August 10, 2016

How that Jeep was hacked. Again.

News Security

The “Jeep hackers,” Charlie Miller and Chris Valasek, got their nickname and achieved fame last year when they remotely hijacked a moving Jeep Cherokee. It’s a year later now, and the duo has found more dangerous vulnerabilities. Miller and Valasek shared their findings at Black Hat USA 2016, and today we are spreading the word further.

How that Jeep was hacked. Again.

During the past year, research experts were able to perform some of the most dangerous actions (turning the steering wheel, braking, and accelerating), but only at very low speeds — up to 5 miles per hour. The hack took advantage of vulnerabilities in cars’ smart features, such as automated parking assistance, and the Jeep’s diagnostic mode.

These features are typically used at low speed or with the engine off. If you try to exploit them at high speed, the system will register a conflict and the smart feature won’t be activated — unless you bypass that limitation. And that’s exactly what the “Jeep hackers” have achieved this year.

The onboard computer receives speedometer and tachometer readings from messages sent through the CAN bus, which is sort of like a vehicle’s local network. If you want to bypass security restrictions, you have to fake the messages and make the car believe that it is standing still while it’s actually tearing down the highway.

How that Jeep was hacked. Again.

Miller and Valasek did it — they infected one of onboard electronic units with the help of a malicious patch. As the result, they were able to use the CAN bus to send fake readings. The method is quite simple. Messages with readings are usually numbered. When an electronic unit receives two messages with the same number, it trusts the first one and rejects the second.

So if hackers assign the right numbers to fake messages and send them before the system sends real messages, the system trusts the fake data and discards the real.

How that Jeep was hacked. Again.

Fake data are shown in green (speed 0 km/h), rejected real speed data in red.

Once researchers solved this problem, they learned to pull off even more dangerous, unprecedented tricks than last year — and at any speed. For example, they could take control of the steering booster and command it to turn the wheel. Or engage the parking brake, no matter how hard the driver tries to stop them — the control in the car becomes useless during the attack. They also learned to alter cruise control settings to quickly accelerate.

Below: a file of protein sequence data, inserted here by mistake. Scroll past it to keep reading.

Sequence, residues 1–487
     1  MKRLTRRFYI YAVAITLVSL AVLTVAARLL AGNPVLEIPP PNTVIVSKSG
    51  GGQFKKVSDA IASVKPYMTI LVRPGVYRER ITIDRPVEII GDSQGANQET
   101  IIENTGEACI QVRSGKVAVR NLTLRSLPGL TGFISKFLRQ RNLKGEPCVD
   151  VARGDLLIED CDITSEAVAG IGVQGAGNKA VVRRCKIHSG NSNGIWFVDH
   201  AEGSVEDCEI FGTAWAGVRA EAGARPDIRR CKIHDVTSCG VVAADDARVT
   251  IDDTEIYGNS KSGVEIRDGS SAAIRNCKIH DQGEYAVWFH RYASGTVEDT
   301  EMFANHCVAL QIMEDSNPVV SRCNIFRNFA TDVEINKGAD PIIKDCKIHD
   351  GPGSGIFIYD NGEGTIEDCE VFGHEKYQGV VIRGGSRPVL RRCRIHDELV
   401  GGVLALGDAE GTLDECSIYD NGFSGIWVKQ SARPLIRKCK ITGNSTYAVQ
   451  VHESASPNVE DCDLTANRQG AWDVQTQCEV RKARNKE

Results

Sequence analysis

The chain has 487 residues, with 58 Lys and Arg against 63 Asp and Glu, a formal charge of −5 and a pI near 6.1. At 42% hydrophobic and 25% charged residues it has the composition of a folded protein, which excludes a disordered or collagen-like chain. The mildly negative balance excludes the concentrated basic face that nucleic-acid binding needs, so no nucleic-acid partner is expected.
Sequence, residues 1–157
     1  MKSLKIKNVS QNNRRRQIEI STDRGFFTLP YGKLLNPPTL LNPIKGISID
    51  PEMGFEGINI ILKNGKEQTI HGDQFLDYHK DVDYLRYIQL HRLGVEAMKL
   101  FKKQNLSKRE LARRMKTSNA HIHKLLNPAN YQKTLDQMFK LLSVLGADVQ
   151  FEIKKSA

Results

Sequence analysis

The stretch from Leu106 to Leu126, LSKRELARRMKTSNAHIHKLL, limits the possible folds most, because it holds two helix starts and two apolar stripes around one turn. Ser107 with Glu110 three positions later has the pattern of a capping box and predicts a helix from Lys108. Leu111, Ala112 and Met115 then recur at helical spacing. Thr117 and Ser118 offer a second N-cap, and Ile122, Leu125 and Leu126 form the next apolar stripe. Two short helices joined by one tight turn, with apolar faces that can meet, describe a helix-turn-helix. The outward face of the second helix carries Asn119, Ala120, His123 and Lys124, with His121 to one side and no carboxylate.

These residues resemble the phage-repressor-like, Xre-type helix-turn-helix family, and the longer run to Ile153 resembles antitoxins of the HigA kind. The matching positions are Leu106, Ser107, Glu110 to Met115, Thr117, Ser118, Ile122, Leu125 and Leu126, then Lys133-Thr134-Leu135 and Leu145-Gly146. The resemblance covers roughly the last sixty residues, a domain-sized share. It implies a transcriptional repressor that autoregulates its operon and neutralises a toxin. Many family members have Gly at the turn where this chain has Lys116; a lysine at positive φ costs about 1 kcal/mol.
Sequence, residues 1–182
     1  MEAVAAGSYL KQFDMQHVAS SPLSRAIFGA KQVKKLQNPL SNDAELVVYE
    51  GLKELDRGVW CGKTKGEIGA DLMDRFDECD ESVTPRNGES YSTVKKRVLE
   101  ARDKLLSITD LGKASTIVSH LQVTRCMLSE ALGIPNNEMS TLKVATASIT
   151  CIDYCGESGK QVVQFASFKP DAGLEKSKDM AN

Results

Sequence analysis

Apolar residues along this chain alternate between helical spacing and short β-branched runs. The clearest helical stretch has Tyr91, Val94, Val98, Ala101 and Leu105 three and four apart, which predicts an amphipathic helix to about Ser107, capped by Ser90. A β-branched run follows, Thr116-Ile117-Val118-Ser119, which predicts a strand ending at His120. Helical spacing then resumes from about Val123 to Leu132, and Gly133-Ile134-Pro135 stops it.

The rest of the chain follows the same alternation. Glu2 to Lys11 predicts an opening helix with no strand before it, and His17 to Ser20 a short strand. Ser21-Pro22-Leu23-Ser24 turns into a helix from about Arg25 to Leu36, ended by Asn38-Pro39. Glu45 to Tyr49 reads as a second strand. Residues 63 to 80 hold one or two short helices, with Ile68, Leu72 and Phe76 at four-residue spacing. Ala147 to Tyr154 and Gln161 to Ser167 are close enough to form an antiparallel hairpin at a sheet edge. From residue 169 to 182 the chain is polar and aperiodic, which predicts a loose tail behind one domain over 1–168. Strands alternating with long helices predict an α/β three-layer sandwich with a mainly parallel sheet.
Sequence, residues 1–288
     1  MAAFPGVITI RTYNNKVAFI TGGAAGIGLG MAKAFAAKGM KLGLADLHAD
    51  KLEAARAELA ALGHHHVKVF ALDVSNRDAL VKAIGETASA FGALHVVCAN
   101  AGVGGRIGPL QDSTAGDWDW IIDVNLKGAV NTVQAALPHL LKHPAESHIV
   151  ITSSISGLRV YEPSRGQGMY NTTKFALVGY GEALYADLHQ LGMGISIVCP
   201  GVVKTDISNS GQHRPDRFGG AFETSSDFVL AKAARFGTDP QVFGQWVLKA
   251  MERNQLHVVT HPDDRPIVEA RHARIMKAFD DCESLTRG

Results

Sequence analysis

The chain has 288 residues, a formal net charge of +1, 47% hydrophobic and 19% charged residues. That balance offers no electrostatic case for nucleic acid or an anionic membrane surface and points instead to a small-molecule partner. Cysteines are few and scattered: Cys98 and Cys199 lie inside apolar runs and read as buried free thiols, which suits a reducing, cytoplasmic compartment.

But don’t think that hackers took full control over the car — that’s not exactly how it went down. They could not, for example route the car wherever they wanted. And during an attack, the driver can hit the brake pedal to stop the car or try to overcome the power steering (if they are strong and attentive enough). Researchers stressed that drivers needed to be focused on the car’s movement and the road to realize in time that something was going wrong.

We need to add that if such attacks come unexpectedly, they will be even more dangerous. Hackers can raise their chance of success by distracting drivers with environmental changes — suddenly turning on loud music or blasting the air conditioning, for example — tricks Miller and Valasek have already pulled off. While the driver focuses on dealing with the “buggy electronics,” hackers can suddenly turn the wheel, accelerate, or activate the parking brake.

We have good news as well. First, for Fiat Chrysler, developer of the hacked cars: At the end of their report at Black Hat USA 2016, security experts said they would stop hacking the long-suffering Jeep.

Second, for owners of Fiat Chrysler cars: The company didn’t ignore the researchers’ findings. It patched a number of the vulnerabilities Miller and Valasek discovered. For example, the Sprint cellular network, which the cars use to connect to the Internet, now blocks TCP traffic — that means last year’s remote hack doesn’t work anymore.

Finally, Fiat Chrysler recently launched a bug bounty program, compensating people who find and report bugs and vulnerabilities. Tesla and General Motors have similar programs. Though Fiat Chrysler’s program is not the best of its kind, and the bounties are rather small by cybersecurity standards, it’s nonetheless a step in the right direction.